People aged over16 years can do an apprenticeship through the New Zealand Apprenticeships scheme.
- Competenz website - information on becoming an apprentice in the manufacturing industry
- The Skills Organisation website - information on electronics manufacturing qualifications
- Joinery Industry Training Organisation website - information on national certificates in architectural aluminium joinery
- Information about New Zealand Apprenticeships
There are no specific secondary educational requirements for product assemblers, but three years of secondary education is preferred. Useful subjects include maths, science, computer studies, English, and woodwork or metalwork.
For Year 11 to 13 students, the Gateway programme is a good way of gaining industry experience.
Product assemblers need to be:
- accurate, with an eye for detail
- able to follow instructions
- good at problem-solving
- skilled at communicating and listening
- good at basic maths.
Useful experience for product assemblers includes:
- electrical or electronics work
- assembly work
- work with hand tools such as soldering equipment
- work with metals, glass, and machines
Product assemblers need to have normal colour vision and the ability to concentrate for long periods. They should also be physically fit because sometimes they need to lift heavy loads.
Find out more about training
- 0800 526 1800 - firstname.lastname@example.org - www.competenz.org.nz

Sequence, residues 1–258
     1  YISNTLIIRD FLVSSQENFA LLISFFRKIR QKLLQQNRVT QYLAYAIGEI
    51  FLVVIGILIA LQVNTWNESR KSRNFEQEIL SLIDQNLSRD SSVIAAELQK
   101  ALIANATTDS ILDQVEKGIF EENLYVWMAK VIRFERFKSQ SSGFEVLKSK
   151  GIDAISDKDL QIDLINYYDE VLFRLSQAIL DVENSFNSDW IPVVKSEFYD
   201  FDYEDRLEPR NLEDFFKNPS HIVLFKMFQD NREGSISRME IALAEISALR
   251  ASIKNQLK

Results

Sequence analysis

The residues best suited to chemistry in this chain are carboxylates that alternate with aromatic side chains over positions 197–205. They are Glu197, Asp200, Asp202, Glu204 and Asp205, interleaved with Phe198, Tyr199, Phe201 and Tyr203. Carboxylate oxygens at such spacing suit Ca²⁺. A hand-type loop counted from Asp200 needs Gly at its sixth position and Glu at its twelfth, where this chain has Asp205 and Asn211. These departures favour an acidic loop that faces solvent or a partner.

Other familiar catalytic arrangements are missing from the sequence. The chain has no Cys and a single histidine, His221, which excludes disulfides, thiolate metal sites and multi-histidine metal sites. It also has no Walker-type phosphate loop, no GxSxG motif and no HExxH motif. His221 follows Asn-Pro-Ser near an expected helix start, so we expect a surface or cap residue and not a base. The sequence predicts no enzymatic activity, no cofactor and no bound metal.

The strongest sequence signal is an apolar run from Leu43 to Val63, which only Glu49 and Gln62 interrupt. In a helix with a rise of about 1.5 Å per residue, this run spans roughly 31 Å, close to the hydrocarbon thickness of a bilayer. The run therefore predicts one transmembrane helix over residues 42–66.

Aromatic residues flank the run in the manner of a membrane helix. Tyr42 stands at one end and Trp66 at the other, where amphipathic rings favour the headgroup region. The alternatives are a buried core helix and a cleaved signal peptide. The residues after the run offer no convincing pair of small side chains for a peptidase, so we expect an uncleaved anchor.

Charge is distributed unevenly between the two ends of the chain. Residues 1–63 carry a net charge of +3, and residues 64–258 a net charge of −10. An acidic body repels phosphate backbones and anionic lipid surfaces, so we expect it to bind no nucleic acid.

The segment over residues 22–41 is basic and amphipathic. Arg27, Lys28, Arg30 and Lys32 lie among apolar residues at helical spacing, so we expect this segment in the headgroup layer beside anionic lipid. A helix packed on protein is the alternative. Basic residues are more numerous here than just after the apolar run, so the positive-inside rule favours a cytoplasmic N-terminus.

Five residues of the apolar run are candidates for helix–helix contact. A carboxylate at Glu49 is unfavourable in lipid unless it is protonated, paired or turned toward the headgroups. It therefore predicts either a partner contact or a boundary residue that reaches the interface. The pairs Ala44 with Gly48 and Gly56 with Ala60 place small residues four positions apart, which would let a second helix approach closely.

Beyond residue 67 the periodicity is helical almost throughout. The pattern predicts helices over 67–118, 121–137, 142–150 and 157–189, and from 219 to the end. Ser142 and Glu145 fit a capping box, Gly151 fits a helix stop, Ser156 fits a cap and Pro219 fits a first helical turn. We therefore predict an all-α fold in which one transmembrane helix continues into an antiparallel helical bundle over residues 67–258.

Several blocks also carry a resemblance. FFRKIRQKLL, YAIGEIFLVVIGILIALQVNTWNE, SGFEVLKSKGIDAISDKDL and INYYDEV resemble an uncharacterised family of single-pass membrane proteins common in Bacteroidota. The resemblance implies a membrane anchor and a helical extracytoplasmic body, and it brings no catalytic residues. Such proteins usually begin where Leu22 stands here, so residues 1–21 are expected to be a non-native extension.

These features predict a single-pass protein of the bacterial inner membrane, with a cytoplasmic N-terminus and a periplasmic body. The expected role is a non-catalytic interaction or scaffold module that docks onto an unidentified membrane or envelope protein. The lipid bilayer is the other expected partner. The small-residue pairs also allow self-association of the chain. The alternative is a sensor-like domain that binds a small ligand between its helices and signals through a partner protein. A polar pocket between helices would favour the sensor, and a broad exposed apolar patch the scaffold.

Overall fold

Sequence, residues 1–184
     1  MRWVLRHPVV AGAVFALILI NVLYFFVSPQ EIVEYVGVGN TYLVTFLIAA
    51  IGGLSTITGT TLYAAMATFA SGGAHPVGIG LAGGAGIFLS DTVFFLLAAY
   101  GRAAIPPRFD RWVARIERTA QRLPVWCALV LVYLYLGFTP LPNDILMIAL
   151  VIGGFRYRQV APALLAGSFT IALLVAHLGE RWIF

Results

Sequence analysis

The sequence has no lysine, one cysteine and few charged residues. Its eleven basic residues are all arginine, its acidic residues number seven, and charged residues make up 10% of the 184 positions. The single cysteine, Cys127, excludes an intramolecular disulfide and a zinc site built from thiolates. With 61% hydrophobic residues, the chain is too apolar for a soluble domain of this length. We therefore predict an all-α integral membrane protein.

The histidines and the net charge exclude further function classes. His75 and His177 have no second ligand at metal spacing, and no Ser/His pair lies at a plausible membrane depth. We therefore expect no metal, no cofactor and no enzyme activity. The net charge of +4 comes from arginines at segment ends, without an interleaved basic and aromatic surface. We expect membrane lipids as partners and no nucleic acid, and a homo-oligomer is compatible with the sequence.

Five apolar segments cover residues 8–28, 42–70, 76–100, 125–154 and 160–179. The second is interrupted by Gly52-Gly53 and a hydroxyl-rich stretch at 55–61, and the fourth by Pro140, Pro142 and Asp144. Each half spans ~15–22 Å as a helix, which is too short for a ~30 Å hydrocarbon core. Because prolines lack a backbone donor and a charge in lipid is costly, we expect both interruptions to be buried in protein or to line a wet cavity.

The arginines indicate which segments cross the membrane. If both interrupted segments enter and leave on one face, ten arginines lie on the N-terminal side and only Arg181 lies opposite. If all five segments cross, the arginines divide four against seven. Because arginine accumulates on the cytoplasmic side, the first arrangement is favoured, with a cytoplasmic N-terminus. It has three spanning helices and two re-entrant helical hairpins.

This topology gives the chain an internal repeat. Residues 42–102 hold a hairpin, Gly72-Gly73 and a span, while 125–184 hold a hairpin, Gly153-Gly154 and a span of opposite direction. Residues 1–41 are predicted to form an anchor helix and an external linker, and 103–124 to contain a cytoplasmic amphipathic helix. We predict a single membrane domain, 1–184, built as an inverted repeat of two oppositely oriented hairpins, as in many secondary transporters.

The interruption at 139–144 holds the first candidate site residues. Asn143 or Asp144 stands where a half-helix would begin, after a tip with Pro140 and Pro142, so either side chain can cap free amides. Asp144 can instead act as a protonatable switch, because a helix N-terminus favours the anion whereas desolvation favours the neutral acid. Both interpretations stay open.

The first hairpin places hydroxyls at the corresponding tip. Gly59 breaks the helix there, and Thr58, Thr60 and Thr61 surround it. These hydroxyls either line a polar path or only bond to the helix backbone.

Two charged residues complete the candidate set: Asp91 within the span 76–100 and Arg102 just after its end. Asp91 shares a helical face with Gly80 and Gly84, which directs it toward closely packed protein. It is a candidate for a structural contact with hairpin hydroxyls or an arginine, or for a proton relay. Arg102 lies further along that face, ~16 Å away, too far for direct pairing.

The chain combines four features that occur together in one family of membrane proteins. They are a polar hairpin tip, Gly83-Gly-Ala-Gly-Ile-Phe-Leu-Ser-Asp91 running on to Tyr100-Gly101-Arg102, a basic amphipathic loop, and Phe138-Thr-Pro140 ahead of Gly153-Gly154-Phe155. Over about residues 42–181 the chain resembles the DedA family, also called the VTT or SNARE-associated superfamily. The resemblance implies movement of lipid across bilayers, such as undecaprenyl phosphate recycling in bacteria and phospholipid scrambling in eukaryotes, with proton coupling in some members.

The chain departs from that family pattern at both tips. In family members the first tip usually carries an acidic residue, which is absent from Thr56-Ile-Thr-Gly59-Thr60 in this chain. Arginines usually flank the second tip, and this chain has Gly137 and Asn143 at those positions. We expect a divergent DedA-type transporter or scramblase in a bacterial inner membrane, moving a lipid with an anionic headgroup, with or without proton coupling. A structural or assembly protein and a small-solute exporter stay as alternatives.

- The Skills Organisation
- 0508 754 557 - http://skills.org.nz
What are the chances of getting a job?
The Ministry of Business, Innovation and Employment estimates that the number of product assemblers dropped from 2,926 in March 2010 to 2,352 in March 2012.
Drop in product manufacturing causes decrease in number of product assemblers
The amount of product manufacturing done in New Zealand has been declining due to:
- evolving technologies that require less labour
- the high New Zealand dollar, which makes it more expensive for people overseas to buy New Zealand goods
- people in New Zealand buying less expensive imported goods, instead of local goods
- the 2008-2009 global recession, which meant overall spending on consumer goods fell.
As a result some product manufacturing companies have laid off staff – either because of fewer orders, or because they have outsourced work to countries where production costs are lower.
Types of employers varied
Companies that employ product assemblers may create products that range from electronic radios to wooden furniture or windows.
Some small companies have fewer than five staff, while larger companies may employ 100 or more staff.
- Macbride-Stewart, J, general manager – traineeships, Competenz, Careers New Zealand interview, July 2011.
- Ministry of Business, Innovation and Employment, '2003-2012 Occupation Data', (prepared for Careers New Zealand), 2012.
- Petersen, R, training manager, Electrotechnology ITO (ETITO), Careers New Zealand interview, February 2010.
- Stedman, S, senior team leader, Startronics NZ Ltd, Careers New Zealand interview, February 2010.
Progression and specialisations
With additional training, product assemblers may progress to supervisory or managerial roles.
They may also specialise in the following roles:
- Aluminium Joiner
- Aluminium joiners make and install aluminium products such as doors and window frames.
- Electrical and Electronic Goods Assembler
- Electrical and electronic goods assemblers join parts and wires together to make electrical products and electronic equipment.
- Machinery Assembler
- Machinery assemblers join metal parts together to form machines.
- Metal and Wooden Goods Assembler
- Metal and wooden goods assemblers join parts together to make metal or wood products.
Last updated 11 May 2017